Documentary tells incredible story of Scots mountaineer
Sir Michael Palin spoke at the UK premiere of Final Ascent, a documentary about Hamish MacInnes.
Sir Michael Palin has paid tribute to an "inspirational" mountaineering pioneer as the pair star in a new film.
The actor met Hamish MacInnes while searching for filming locations in Scotland for Monty Python and the Holy Grail.
A former mountain rescue head, Mr MacInnes, 88, has scaled peaks worldwide and invented life-saving equipment, including a mountain rescue stretcher used globally.
The Scottish mountaineer helped set up a rope bridge in Glencoe for the Monty Python team, which became the famed Bridge of Death in Monty Python and the Holy Grail.
Now, a very different film has brought the long-term friends together again - documentary Final Ascent, which charts Mr MacInnes piecing his life back together from his own books and films after being sectioned in 2014 with delirium related to dementia.
Speaking at the film's UK premiere at the Glasgow Film Festival, Sir Michael, 75, said: "I've had a good working life with Hamish, he's inspirational really.
"He's unlike anyone else I know and he has qualities unlike anybody else I know.
"After his illness a few years back it's so great to see him not just back on form but better than ever, almost."
He added: "In Glencoe, Hamish was helping us with certain structural problems like who would build the Bridge of Death over this terrifying gorge.
"Hamish found the place, built the bridge and ended up throwing the bodies of people who into the Gorge of Eternal Peril - he was the head of mountain rescue and he was throwing bodies into a gorge.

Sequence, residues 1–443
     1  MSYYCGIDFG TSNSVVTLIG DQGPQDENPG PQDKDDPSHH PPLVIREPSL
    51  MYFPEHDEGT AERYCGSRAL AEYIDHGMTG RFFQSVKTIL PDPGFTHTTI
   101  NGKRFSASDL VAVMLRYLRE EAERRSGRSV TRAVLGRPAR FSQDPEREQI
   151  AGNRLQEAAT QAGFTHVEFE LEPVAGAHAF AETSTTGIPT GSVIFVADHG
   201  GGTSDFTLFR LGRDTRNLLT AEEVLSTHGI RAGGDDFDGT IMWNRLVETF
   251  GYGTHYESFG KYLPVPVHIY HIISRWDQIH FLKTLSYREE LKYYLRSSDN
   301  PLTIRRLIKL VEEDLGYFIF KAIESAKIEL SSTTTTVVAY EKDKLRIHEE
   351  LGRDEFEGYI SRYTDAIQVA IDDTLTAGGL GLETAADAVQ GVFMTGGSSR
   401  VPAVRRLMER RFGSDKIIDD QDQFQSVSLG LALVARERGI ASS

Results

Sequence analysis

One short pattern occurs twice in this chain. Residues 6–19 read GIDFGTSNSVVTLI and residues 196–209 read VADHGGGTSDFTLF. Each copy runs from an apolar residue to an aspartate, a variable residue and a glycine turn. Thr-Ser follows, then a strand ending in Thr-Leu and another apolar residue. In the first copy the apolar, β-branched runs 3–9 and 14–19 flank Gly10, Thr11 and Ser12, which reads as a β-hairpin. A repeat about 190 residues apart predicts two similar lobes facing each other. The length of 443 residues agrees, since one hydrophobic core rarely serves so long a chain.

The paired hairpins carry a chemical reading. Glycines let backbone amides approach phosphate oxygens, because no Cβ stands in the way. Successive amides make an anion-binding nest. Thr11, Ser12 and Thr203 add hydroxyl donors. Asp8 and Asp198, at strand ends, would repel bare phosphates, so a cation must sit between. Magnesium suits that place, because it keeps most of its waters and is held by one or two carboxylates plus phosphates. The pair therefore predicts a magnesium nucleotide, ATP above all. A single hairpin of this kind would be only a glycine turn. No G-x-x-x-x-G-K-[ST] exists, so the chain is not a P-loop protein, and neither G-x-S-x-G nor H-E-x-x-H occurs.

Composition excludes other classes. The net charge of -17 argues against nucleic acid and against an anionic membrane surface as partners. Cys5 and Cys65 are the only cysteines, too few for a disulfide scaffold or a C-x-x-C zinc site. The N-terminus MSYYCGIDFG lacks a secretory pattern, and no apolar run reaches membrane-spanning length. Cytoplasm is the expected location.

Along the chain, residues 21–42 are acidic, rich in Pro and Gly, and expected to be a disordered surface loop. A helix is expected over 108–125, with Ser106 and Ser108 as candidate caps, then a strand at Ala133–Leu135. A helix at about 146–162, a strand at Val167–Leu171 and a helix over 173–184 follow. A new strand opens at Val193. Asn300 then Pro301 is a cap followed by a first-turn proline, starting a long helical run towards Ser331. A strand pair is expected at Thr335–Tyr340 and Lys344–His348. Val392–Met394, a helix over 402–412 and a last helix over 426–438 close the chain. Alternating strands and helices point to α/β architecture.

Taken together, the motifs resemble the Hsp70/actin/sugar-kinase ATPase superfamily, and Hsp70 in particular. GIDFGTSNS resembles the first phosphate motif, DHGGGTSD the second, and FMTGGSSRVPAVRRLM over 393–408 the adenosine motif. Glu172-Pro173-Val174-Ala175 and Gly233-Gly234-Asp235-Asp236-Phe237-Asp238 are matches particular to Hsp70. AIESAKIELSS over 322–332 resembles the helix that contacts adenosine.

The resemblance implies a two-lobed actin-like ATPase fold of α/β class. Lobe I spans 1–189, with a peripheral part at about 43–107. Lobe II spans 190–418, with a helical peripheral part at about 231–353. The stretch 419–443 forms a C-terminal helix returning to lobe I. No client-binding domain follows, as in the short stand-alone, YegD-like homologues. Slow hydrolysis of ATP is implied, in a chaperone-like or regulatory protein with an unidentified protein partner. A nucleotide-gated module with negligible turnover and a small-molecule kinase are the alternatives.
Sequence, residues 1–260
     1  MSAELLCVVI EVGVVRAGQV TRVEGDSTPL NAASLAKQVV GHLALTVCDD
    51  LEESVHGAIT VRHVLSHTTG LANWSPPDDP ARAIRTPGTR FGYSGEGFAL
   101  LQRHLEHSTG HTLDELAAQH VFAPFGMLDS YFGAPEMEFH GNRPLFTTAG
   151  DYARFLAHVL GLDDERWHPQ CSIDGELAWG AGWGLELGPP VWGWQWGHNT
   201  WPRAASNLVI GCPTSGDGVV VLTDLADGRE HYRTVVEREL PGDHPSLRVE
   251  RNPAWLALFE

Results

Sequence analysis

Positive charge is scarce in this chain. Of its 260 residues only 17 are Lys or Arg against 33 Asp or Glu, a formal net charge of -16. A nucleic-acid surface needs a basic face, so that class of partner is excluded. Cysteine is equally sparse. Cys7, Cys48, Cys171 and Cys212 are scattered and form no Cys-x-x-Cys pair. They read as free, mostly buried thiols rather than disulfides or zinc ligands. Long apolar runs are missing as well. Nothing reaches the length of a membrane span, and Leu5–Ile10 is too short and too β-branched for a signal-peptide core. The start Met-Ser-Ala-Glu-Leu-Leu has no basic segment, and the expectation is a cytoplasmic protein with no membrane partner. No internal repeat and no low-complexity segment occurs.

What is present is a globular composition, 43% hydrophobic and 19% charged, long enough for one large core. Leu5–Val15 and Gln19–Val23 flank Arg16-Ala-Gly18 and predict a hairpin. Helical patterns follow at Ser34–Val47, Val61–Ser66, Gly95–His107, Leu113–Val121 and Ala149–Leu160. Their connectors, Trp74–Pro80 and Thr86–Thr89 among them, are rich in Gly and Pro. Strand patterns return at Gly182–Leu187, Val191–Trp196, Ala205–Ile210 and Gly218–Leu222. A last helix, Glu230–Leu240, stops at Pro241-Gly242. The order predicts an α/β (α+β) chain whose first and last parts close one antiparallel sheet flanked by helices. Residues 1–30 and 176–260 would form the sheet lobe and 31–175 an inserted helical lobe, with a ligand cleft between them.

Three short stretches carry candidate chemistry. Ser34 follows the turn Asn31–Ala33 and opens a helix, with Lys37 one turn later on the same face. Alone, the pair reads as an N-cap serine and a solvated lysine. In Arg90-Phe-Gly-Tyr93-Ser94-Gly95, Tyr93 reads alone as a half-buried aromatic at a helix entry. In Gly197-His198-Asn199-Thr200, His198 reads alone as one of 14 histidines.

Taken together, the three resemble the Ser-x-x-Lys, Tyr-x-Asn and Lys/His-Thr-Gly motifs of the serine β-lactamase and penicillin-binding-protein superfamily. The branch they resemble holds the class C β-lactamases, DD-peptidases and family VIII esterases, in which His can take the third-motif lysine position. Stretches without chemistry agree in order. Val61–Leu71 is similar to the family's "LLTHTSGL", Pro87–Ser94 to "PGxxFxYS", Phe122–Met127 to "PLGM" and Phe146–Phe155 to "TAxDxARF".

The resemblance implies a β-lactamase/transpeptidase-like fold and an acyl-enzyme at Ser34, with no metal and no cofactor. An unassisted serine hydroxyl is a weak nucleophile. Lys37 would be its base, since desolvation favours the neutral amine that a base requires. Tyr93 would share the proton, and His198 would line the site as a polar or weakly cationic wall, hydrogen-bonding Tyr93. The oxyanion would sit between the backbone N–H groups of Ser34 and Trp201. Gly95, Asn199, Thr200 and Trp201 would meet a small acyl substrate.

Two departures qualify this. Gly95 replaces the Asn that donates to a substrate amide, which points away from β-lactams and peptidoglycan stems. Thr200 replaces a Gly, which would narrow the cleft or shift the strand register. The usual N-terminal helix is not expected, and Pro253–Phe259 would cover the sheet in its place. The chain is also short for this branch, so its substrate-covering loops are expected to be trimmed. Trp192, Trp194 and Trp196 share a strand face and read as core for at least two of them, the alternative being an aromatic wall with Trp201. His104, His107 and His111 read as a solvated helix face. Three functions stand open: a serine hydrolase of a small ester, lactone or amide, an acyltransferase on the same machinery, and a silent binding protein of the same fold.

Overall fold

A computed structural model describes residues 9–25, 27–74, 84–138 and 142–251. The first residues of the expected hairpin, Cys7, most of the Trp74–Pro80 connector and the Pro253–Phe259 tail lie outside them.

"This was before CGI and special effects and we had the real thing thanks to Hamish."
"Thankfully the ropes didn't break," Mr MacInnes joked.
Director Robbie Fraser, from Glasgow, said Mr MacInnes has "probably saved thousands of lives" through his rescues, equipment innovations and writing the mountain rescue "bible", the International Mountain Rescue Handbook.
Mr MacInnes joked that his best sells were to Russia.
He said: "I sold three million books to the Russians. And do you know how much I got in royalties? £200."
Mr MacInnes told STV News that after he fell ill, Sir Michael was there to help him out.
He said: "I was lucky; I've got a lot of very influential good friends. And I'm here today - I shouldn't be.
"I was lucky because I read my own books.
"I lost my own memory. This involved five years of my life and I re-read my own books, saw the films, and that's why my memory's come back now 100%."
Mr MacInnes hopes others will gain inspiration from the documentary.
He added: "I feel other people may get some hope that I recovered like this and not stuck in a home. And that's very important for me. And that's really what it's about."
This year's Glasgow Film Festival opened on February 20 with the UK premiere of Jonah Hill's directorial debut, the coming-of-age comedy-drama Mid90s.
The festival closes on Sunday with another film set in the 1990s, the UK premiere of the big-screen adaptation of Scottish playwright Kieran Hurley's stage show Beats.
Directed by Brian Welsh (Black Mirror) and executive produced by Steven Soderbergh, the film was mostly shot in Glasgow and tells the story of rave culture in '90s Scotland.